July 3, 2019

On Aging Well

It seems there are 2 different school of thought on aging--go gracefully or fight it. 
Is that right? Is there another option?
Maybe let it overtake you when your back is turned? Ha!

In any case, I feel like I'm going to be one who tries to grow old gracefully.
NOT that I'm old, mind you.
I'm only 40, sheesh!
(My kids think I'm old.)

I just saw an ad the other day for a product supposedly proven to remove laugh lines.
Why would you want to?! 
Why would you erase the physical evidence of smiles and laughing, even if you could?
Would you truly rather present yourself as a blank slate? 
If you are the "fight it" person, tell me your point of view! I think I must be missing something.

In any case, flowers seem to have 2 categories as well: those that just drop, brown, and fizzle, and those that fade beautifully--or at least retain interest after flowering with pretty seedpods, interesting branches or bark, or beautiful foliage. 

Let me show you! (Flowers, not people.)

This first group is flowers that retain their beauty as they fade--many of them even changing colors!

#1: Lily-flowering Tulip 'Mariette'

Start off bright lipstick pink (above) and fade to a lovely white and pale pink (below.)

#2: Peony 'Coral Charm'

This one amazed me this spring, because I didn't expect it!
Beautiful coral pink to begin with (above), fading to this lemon yellow gem below!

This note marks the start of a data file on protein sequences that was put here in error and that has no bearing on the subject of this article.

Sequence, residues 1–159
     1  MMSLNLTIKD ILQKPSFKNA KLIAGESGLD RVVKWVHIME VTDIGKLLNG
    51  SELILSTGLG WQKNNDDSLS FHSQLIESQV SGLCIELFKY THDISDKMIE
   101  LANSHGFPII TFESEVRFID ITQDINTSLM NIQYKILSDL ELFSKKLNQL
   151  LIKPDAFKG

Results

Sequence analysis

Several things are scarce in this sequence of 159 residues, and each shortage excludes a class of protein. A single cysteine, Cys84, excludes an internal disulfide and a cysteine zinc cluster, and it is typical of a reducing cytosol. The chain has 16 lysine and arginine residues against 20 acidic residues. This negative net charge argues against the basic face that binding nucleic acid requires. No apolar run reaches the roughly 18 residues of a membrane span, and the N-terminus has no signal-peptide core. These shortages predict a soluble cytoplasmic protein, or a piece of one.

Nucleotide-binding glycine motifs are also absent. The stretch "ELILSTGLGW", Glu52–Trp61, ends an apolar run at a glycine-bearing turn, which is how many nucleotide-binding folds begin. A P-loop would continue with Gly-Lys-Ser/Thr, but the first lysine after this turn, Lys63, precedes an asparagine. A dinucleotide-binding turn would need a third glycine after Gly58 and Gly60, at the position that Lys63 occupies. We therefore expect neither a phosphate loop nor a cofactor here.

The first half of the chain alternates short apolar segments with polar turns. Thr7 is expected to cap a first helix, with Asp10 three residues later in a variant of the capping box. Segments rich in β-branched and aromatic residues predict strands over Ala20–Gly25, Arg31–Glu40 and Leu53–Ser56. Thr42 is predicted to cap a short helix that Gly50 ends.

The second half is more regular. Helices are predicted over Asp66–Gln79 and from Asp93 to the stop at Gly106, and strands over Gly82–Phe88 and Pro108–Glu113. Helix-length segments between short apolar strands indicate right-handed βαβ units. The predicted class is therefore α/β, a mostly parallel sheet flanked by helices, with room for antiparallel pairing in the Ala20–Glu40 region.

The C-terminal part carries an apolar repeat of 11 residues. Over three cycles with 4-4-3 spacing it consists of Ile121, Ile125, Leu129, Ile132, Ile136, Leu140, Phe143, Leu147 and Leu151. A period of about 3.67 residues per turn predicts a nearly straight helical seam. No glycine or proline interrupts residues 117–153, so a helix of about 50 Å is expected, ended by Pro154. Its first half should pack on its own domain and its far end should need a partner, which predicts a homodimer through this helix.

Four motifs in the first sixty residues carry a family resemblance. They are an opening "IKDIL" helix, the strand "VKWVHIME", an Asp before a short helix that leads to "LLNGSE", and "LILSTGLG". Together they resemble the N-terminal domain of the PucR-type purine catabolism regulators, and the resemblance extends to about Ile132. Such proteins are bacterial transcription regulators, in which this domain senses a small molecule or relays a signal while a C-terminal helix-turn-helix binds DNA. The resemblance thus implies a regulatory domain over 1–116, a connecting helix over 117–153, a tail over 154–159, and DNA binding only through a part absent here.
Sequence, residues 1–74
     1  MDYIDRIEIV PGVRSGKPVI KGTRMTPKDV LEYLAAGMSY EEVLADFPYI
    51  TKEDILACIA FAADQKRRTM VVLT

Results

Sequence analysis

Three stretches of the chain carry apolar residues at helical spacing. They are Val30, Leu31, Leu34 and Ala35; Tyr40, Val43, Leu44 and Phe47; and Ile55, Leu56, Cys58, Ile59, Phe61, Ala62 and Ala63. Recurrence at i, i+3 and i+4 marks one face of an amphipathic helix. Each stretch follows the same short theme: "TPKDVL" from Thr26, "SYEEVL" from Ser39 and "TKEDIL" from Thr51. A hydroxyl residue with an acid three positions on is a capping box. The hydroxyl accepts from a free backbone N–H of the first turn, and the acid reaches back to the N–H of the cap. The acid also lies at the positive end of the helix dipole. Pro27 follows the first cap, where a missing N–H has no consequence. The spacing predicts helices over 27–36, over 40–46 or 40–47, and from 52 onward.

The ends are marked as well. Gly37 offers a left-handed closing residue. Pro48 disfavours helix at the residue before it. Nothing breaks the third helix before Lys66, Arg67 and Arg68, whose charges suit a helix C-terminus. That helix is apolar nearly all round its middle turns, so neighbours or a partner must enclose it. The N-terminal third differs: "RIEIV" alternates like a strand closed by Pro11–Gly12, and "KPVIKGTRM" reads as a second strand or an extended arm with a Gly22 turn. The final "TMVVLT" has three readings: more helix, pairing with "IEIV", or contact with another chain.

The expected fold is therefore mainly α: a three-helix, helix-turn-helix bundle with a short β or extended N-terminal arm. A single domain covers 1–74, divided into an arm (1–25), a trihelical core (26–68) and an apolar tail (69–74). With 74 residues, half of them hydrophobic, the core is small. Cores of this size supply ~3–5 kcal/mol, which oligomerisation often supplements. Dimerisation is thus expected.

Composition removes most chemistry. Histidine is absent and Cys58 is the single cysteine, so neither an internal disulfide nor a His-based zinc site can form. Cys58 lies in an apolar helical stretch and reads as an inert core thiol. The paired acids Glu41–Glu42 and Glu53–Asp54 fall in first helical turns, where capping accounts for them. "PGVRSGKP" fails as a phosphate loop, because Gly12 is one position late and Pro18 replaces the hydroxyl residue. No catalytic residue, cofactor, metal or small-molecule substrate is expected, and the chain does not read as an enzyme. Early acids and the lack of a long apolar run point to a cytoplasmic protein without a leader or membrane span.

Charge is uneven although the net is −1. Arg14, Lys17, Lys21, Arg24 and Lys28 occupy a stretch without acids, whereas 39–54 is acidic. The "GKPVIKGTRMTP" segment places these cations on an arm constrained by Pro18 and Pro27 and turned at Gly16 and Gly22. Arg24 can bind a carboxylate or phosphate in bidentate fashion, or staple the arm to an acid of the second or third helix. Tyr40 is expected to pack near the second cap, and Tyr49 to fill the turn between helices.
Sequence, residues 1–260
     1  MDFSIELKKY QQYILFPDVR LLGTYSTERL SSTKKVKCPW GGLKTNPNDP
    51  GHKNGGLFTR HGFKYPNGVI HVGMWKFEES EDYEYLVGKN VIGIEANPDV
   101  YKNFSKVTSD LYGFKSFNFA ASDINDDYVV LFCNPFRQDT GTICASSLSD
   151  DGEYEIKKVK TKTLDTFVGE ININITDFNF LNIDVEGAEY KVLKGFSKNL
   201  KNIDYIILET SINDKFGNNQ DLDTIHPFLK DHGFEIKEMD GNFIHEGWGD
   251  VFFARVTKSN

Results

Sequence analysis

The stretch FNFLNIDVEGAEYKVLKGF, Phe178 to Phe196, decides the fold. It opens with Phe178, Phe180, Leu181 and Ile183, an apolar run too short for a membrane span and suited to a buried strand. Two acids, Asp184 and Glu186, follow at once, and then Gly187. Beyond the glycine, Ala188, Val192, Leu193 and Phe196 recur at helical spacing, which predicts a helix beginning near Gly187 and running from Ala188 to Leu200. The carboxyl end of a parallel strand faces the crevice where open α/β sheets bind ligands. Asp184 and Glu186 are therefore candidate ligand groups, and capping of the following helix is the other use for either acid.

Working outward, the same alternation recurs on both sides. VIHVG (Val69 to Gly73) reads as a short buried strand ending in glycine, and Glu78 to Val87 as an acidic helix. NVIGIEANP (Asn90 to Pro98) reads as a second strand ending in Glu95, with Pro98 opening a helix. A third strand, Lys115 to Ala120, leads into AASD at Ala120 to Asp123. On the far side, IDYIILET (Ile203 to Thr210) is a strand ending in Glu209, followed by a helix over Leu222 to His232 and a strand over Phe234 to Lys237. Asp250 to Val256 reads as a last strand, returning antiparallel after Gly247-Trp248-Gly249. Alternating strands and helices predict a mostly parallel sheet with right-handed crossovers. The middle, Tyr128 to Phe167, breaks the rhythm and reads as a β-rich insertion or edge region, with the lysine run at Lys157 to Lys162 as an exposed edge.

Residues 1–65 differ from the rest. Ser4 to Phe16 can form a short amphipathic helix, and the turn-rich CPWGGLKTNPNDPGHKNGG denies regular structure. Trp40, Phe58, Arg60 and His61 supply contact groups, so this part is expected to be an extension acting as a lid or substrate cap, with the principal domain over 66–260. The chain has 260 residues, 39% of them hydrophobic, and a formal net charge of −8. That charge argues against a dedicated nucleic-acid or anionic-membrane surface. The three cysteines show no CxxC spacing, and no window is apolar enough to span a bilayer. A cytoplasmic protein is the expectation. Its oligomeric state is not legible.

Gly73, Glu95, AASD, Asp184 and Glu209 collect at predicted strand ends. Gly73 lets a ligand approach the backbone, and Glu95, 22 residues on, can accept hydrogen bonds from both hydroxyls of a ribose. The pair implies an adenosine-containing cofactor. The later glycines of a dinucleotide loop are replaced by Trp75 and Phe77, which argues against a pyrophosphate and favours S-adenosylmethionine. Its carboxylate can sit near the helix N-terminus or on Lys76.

#3: Peony 'Do Tell'

Striking pale pink with deeper pink stamens in the middle (above), fading to white with whisper pink stamens--almost looking like a daffodil by the end (below). Love it!

#4: Sedum 'Autumn Joy'

Start off a rusty orange-red (above), then over time fade to a beautiful dusty pink (below).

There are other examples, but I'll stop there for now. 

For the next round, I'll just show you a couple--flowers that have wonderful seed pods.

#1: Grape hyacinths

Here they are in flower, and the pale green item in the arrangement below is the stem with seed pods on it. I love it!

#2: Poppies

These Shirley poppies are gorgeous, but only last a day or two, even when left on the plant.
However, their whimsical little seed pods will make great additions to bouquets.

Here are some poppy seed pods dried--I like that look as well.
For fresh cut flower arrangements, though, I prefer the green ones.

Since I struggled a bit getting my poppies to grow from seed this year, my plan is to let them blossom, produce their seed pods, and reseed themselves. I may help out a bit, to get as many as possible in the same row where I planted them! 
I will probably not be able to resist cutting a few of the seedpods, however.

* * * * *
What flowers do you know of that age well? 

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